For Prostate Problems
About 10 million American men are thought to suffer from the effects of benign prostatic hyperplasia, or BPH. This condition, seen in men over 45 years of age, causes diminished urinary flow that results from the nonmalignant enlargement of the prostate gland. About one in every two men over age 70 is thought to have symptoms of BPH.
The cost of treatment for BPH is significant. In the United States alone the cost exceeds $2 billion annually. Further-more, there are almost 2 million office visits to physicians annually from men seeking relief from the symptoms of BPH.
Since the prostate sits under the bladder, the enlargement of the prostate gland will cause a narrowing of the urethra. This leads to difficult or painful urination, retention of urine, a weak urine flow, an increased sense of need to urinate, frequent nighttime trips to the bathroom, and the potential for a kidney infection. Prostate growth is stimulated when testosterone from the blood is converted by 5-alpha-reductase to the more potent androgen dihydrotestosterone. An enlarged prostate usually contains abnormally high levels of dihydrotestosterone.
Standard treatment options for BPH include the use of drugs such as Proscar, or surgical removal of some prostatic tissue. Proscar inhibits the activity of 5-alpha-reductase. Side effects may result from the use of the synthetic drugs, including hypertension, dizziness, and impotence.
Symptomatic relief of urinary difficulties in men with an enlarged prostate may also be provided by a number of botanicals, often without the side effects. The most widely used botanical for treatment of mild to moderate cases of BPH is saw palmetto (Serenoa repens), a low-growing palm of the Southeastern region of the United States. The palm grows to a height of three to four feet in pine woods and on the sandy dunes of South Carolina, Georgia, and Florida and has leaves that grow in an attractive fan-shaped arrangement. However, it is the fruit that attracts medical interest. The palm produces one-inch berries that ripen between August and October. The fruit is a green or yellow color that turns dark blue when ripe. Inside the berries there is pale-brown spongy pulp. Saw palmetto berries contain a variety of phytosterols, flavonoids, and phenolic acids.
There are a number of well-controlled clinical studies that confirm the safe and effective use of saw palmetto for the treatment of BPH. Saw palmetto extracts can reduce the activity of 5-alpha-reductase by about 40 percent, and hence reduce the uptake of dihydrotestosterone by the prostate gland. The active substances in saw palmetto berries, such as the phytosterols, provide beneficial effects such as increased urinary flow, increased ease in commencing urination, reduced post-voiding residual volume, decreased frequency of urination, and a decreased urge to void during the night.
While saw palmetto effectively diminishes the symptoms of BPH, it appears to act without reducing the size of the prostate. In addition, the spasmolytic and antiinflammatory effects produced by extracts of saw palmetto berries help explain its beneficial role in treating BPH.
Experiments have shown that men with an enlarged prostate who received an extract of saw palmetto for 30 days experienced 45 percent less nocturnal trips to the bathroom, a 50 percent increase in urinary flow rates, diminished residual urinary volume, and less pain during urination. After three months 90 percent of the patients using the saw palmetto considered the therapy successful with few, if any, side effects.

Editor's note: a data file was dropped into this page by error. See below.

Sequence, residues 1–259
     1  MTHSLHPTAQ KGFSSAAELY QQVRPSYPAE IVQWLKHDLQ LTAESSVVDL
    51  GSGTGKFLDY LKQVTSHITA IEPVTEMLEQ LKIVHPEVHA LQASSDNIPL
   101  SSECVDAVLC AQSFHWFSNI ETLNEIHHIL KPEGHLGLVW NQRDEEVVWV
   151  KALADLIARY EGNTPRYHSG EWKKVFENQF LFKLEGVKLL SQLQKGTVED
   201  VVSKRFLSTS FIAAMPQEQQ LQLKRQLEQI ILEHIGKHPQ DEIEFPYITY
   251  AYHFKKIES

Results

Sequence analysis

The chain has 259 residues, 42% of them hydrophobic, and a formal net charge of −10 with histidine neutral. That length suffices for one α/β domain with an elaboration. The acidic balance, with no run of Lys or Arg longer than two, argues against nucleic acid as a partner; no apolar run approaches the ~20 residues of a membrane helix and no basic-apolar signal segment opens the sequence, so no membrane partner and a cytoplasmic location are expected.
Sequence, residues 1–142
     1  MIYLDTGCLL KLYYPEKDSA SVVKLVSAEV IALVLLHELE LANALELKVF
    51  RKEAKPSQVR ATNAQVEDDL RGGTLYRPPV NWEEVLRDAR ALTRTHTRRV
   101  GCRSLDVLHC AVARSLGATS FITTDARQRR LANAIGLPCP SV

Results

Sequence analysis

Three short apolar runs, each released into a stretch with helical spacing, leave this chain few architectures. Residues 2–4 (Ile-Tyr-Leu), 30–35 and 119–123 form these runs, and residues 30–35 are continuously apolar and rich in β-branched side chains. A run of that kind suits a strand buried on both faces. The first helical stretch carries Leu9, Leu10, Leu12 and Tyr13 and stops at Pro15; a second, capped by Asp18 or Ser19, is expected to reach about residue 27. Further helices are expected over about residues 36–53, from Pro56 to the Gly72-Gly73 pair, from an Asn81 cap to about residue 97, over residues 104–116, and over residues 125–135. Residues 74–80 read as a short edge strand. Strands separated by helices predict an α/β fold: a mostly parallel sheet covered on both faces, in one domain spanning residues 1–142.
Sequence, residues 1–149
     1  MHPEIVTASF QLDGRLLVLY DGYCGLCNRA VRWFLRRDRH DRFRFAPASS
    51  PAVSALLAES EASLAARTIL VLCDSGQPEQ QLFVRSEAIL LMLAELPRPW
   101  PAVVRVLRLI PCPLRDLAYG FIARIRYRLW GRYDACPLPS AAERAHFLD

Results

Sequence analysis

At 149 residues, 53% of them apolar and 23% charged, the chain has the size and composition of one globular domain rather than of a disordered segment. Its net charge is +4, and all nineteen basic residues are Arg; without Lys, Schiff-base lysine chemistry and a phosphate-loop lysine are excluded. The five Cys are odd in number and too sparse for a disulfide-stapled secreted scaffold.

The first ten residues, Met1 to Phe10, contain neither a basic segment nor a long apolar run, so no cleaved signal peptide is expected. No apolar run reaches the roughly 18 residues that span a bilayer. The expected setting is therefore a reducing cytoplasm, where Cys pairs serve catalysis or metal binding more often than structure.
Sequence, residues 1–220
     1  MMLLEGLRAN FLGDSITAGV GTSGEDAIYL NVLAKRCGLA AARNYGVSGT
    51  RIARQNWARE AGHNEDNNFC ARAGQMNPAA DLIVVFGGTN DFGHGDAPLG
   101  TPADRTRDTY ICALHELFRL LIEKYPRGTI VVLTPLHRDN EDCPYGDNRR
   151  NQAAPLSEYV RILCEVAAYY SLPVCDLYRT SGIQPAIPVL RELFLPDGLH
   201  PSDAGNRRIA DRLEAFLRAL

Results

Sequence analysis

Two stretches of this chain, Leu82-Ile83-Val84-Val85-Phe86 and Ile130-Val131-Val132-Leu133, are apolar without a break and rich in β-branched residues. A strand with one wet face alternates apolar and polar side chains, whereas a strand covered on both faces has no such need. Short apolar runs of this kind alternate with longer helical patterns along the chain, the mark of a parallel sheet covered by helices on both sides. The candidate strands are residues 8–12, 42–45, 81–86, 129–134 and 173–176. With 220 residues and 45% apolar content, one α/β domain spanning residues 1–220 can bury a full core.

One-half to one teaspoon of the dried berries, or two to three capsules (each 500 milligrams), is the typical daily dose. As with all herbal preparations, therapeutic benefits are most predictable when standardized products are used. A recent study found that saw palmetto extract had a higher benefit-to-risk ratio and a lower cost to patients than did the conventional synthetic drugs.
The symptoms of BPH and prostate cancer are similar, so the use of saw palmetto may reduce the symptoms of prostate problems and mask the signs of a more serious prostate problem. Since saw palmetto may skew the results of the blood test used to screen for prostate cancer, your physician should be informed when you are taking saw palmetto.
Cancer of the prostate, the second most common cause of death from cancer in American men, is a more serious condition than BPH. About 185,000 new cases of prostate cancer were identified during 1999 in the United States. Among the dietary factors, a high intake of vegetables and a regular use of soy appear to protect against prostate cancer. Lycopene, the red pigment in tomatoes, pink grapefruit, and watermelon, accumulates in the prostate gland. A regular intake of lycopene-rich tomato products significantly reduces the risk of prostate cancer by 30 to 40 percent. On the other hand, a high consumption of fat, saturated fat, red meat, and dairy products possibly increases the risk of prostate cancer.
Saw palmetto can successfully provide symptomatic relief to men with an enlarged prostate gland. It is well tolerated, with very few reports of side effects. Extracts of saw palmetto berries are currently approved by both French and German governments for the treatment of BPH.
Remember: Herbal products and dietary supplements can have pharmacological effects, may produce adverse reactions in some people, and could interact with over-the-counter and prescription medications you may take. Discuss with your physician your decision to use any herbal product. Anything mentioned in this article is not intended to diagnose, prescribe, or treat any ailment.
Winston J. Craig, Ph.D., R.D., is a professor of nutrition at Andrews University, Berrien Springs, Michigan.